It was Edward Snowden who put him on the path towards AI. Among the people who helped Snowden in his publication of classified material from the NSA was Laura Poitras, a film-maker and a friend of Paglen. When Poitras made a documentary about the Snowden affair, “Citizenfour”, which went on to win an Oscar, Paglen worked for her as a cinematographer. While they were producing the film, Paglen became interested in the physical manifestations of the virtual world: the server farms and undersea cables that store and carry information, and which the NSA tapped to obtain data. Gradually he came to see the NSA as a minnow in the world of personal information. The bigger fish were companies like Google and Facebook.
Around this time Paglen moved to Berlin, where Poitras lived. When she left he took her apartment and turned it into his studio. Drawn to the city by “its wonderful anarchist hacking scene”, he found developers, including members of an association called the Chaos Computer Club, who could help him experiment with AI.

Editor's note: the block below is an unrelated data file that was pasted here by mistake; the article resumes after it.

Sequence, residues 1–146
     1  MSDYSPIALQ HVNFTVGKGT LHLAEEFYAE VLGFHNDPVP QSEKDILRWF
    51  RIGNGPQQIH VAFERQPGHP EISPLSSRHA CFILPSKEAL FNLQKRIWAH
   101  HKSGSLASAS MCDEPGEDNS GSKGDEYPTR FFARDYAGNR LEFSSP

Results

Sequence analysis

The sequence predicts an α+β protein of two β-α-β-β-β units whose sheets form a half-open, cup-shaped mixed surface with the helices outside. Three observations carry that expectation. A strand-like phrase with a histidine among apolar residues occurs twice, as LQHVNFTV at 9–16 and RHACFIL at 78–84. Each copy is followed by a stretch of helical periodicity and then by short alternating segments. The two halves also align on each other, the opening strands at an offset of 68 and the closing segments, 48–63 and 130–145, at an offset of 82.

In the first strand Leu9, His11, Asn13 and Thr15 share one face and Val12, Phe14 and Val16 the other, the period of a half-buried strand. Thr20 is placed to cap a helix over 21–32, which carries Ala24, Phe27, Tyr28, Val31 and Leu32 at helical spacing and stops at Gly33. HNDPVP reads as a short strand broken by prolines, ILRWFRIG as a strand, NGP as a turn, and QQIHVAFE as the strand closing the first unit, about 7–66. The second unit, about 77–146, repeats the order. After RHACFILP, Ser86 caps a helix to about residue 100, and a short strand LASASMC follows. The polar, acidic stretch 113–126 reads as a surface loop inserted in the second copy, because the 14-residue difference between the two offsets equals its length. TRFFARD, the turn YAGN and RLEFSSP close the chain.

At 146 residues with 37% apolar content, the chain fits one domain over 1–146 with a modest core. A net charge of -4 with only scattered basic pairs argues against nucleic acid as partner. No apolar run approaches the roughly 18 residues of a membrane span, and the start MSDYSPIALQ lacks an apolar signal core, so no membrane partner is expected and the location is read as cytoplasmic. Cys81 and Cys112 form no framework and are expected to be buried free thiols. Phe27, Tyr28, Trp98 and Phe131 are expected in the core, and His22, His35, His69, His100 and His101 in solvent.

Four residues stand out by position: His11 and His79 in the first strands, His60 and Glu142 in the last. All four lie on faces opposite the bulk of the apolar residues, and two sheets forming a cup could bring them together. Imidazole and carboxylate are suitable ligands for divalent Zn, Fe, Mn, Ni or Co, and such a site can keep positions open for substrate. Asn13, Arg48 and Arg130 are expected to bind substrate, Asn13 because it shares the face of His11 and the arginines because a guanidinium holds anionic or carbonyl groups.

One evening in January 2017, a crowd gathered on San Francisco’s waterfront to watch the Kronos Quartet, an experimental group of string players whose programme for the evening ran from Bach to the blues by way of African folk. As enticing as the repertoire was, the audience wasn’t there for the music. Above the stage was a screen and as the players bowed and plucked it showed a video of the concert as seen by AI.
The performance was part of another strand of “Invisible Images”. Paglen and his team built a program, which incorporated image-recognition algorithms used by tech companies and then created visual representations of what those algorithms were doing in real time. He then fed images and video into the program so that he could look at the world through its eyes.